‘Going bush’ is an Aussie term for getting out of the city to go rough it out for a few days in the famous Outback of Australia.
While the Outback may not sound torturous, what with a cozy resto named after it in the Philippines, I kid you not, it is barren, save for saltbushes, small mulga trees and a few other flora species, and totally unforgiving.
We call driving out of pavement as ‘off-road’ in the Philippines but in Australia, the term they use is ‘unsealed’ roads. These are formed roads made up of loose material like sand, stones and dirt, sans any concrete or asphalt. You’ll find many just outside of Coober Pedy, a small town of some 2,000 people just north of Adelaide on the southern tip of Australia, and it stretches as far as the eye can see.
Driving on it kicks up dirt and an unbelievable amount of dust so high it brings visibility down to zero. You better pray the breeze is blowing sideways because any other direction and it stays right there on your windscreen.
Badged as Holdens, after Australian James Alexander Holden whose company initially made horse saddles, then cars before it was bought by Detroit-based General Motors (GM) in 1931, three LTZ Colorados and three LTZ Trailblazers were provided for the drive — all using GM’s Duramax 2.8L engine whose latest iteration puts out class-leading 200-Hp and 500-Nm of torque.
Certain accessories obviously differed from what we have here, but essentially it is the same bang for your buck in terms of what’s under the hood.
It was stacked as safety features go, with Traction Control System, Electronic Stability Control, Hill Start Assist and Hill Descent Control, all of which are available in the Ph-spec Chevrolet Colorado. To up the challenge on all of the above, plain road tires were used on all the units.
We were on unsealed roads 99.99% of the three days we were in the Outback, which shows you how serious the Holden guys were in proving that the Colorado is just as advertised.
The first event felt easy on the Colorado. It was on an ‘au naturel’ 4x4 track made up of steep dune hills and sharp declines on soft and loose terrain peppered with shallow holes, and descents/ascents to and from abandoned opal mines the town is known for.
Day two was by far the most exciting: a 437-kilometer drive on slippery, unsealed roads of varying surfaces (small siltstones, bulldust, dry rocky riverbeds and even gibber-covered sand) from Coober Pedy to the famous Painted Desert of the Outback all the way to the tiny town of Oonadatta near the middle of Australia with a population of less than 200 people.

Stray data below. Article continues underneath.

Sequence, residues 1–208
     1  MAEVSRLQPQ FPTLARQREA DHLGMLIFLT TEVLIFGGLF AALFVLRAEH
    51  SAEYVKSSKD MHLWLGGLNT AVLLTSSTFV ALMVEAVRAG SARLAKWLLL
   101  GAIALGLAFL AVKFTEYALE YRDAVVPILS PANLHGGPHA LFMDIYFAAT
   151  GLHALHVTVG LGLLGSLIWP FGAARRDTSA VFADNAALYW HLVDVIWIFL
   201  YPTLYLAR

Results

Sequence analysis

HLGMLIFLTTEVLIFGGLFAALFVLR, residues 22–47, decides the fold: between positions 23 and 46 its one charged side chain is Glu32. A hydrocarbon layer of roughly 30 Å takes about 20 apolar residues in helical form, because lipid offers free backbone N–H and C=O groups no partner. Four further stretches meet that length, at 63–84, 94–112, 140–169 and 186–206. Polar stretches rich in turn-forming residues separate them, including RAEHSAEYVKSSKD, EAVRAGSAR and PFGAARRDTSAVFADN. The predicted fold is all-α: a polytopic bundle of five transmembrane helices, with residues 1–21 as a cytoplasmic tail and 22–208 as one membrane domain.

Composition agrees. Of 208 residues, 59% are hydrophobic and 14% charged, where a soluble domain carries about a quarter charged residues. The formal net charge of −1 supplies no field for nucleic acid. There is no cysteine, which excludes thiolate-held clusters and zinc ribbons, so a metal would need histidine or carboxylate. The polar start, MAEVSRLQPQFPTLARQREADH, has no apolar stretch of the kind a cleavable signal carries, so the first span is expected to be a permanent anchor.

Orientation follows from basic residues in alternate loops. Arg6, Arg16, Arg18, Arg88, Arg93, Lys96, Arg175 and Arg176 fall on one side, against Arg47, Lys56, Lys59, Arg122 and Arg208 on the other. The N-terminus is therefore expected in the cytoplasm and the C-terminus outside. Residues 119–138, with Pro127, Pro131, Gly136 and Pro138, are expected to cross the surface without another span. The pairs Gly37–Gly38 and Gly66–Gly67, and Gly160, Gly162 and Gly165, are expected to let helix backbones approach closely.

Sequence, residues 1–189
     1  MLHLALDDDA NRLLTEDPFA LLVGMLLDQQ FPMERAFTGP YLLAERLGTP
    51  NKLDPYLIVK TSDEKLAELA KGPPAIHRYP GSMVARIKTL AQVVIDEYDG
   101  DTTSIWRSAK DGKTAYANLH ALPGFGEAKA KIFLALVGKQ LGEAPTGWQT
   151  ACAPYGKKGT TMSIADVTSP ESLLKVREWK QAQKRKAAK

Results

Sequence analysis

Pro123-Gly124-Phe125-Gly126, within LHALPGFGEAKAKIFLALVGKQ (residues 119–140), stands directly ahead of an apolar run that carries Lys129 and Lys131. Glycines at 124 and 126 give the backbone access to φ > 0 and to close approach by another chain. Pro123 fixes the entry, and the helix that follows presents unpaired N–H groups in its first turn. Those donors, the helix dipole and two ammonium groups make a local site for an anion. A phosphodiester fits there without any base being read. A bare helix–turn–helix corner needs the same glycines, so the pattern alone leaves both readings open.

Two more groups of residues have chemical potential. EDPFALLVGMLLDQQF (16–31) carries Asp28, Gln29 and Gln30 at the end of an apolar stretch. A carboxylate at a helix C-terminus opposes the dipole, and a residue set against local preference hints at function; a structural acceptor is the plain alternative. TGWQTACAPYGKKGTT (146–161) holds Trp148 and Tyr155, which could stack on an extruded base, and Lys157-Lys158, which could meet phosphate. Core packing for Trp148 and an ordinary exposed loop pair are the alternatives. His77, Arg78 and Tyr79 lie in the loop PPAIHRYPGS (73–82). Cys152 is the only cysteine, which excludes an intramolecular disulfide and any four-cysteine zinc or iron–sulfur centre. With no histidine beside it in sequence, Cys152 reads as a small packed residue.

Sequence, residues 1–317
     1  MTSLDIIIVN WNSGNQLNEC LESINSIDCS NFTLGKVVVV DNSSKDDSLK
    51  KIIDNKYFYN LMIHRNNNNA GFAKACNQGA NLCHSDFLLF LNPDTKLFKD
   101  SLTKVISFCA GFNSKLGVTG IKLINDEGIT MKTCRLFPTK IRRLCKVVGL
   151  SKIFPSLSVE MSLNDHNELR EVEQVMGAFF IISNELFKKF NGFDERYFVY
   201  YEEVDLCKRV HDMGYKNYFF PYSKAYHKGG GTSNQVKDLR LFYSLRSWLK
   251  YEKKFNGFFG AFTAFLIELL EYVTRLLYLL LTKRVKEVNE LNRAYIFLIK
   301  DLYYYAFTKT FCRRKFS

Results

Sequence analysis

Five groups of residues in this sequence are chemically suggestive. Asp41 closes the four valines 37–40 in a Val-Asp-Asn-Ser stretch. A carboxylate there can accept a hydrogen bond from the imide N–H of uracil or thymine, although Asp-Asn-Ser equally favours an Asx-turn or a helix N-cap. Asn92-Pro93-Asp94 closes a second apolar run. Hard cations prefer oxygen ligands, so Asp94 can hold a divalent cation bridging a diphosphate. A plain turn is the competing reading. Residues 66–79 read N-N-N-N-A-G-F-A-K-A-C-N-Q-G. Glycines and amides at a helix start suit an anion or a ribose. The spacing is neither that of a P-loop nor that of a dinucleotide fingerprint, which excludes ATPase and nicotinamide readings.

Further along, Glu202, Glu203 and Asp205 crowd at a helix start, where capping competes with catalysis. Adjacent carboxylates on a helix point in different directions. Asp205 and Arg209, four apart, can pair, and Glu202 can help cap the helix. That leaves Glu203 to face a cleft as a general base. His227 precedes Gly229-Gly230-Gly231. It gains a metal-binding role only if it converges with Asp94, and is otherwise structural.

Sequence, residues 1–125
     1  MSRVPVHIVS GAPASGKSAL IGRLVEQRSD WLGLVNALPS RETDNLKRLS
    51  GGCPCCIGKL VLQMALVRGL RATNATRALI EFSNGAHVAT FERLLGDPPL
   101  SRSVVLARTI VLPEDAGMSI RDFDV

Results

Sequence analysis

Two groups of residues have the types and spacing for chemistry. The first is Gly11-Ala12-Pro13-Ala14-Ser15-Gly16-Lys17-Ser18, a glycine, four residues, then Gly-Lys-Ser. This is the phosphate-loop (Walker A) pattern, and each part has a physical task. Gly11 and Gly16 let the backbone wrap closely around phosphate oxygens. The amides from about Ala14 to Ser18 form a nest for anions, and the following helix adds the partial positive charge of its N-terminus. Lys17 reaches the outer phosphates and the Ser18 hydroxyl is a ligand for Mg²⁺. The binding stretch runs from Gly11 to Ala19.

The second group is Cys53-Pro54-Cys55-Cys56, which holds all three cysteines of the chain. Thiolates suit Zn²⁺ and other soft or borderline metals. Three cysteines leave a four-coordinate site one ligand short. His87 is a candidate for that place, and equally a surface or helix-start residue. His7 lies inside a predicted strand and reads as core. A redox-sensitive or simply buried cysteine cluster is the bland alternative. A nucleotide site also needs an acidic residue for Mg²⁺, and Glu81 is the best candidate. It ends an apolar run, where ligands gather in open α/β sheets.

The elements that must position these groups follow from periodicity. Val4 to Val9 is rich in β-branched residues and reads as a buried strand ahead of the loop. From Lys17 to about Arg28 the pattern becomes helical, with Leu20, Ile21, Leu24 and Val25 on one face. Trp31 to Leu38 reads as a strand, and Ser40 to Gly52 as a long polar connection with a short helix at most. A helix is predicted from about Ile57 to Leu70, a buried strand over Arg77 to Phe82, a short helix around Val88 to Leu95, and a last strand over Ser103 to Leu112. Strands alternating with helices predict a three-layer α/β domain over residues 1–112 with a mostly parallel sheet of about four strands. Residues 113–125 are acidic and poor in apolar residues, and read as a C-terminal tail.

With nothing to see and no obstruction for miles around, except for scant vegetation and a few lonely kangaroos, it was a cinch to climb up to 120-130 km/h. Just twist the knob to 4H and stability systems are automatically engaged, which is extremely helpful when your wheels get off the ruts and lose grip during high speeds. Believe it or not, it will happen 99.9% of the time on the Outback.
Each time I slipped on a slope, a gentle and reassuring whirring sound signaled Traction Control was kicking in, and that’s just right before you feel the wheels get grip and push the vehicle forward.
Imagination dictates that under these conditions, it’d be shake, rattle and roll in the cabin, but props to the international collaboration of GM and Holden engineers from Brazil, Australia and Thailand for enhanced features like thicker side glasses, better molding, rigid inserts and primary seal extensions to make the cabin one of the quietest ever, considering the terrain we were on.
All that testing and work done on the suspension and mounts in Australia’s Little Desert in Victoria and the Alps in New South Wales proved its worth as it almost felt sedan-like in the cabin despite the non-stop assault on the chassis.
And even though I was pushing it to the limit, the powertrain barely hummed thanks to the Centrifugal Pendulum Absorber (CPA) torque converter, which was initially only found in premium diesel-powered cars. Aside from suppressing torsional vibrations along the driveline caused by engine noise and vibration, it also increased fuel economy.
Steering gave a more car-like feel as well, light and highly responsive, even on slippery surfaces because of a faster steering track and revised calibration.
When the dust had settled after the eight-hour drive (including stops for photos and lunch), I hardly felt spent.
That’s when it struck me. Despite all the dirt and grime all over this Colorado, this moment is when it shined the most and totally proved its worth. It’s powerful and capable enough to take on some of the worst conditions in the world without taxing the driver. It’ll take the beating so that you’ll have enough left in your tank to do your thing.
“Not all Australians get a chance to explore the Outback the way we did,” said Sean Poppitt, Director of Communications – GM Southeast Asia.
Thank God, we did because it was truly an experience. Me and a plain Colorado with no extra ingredient: the Outback, done and dusted.
By Eric Tipan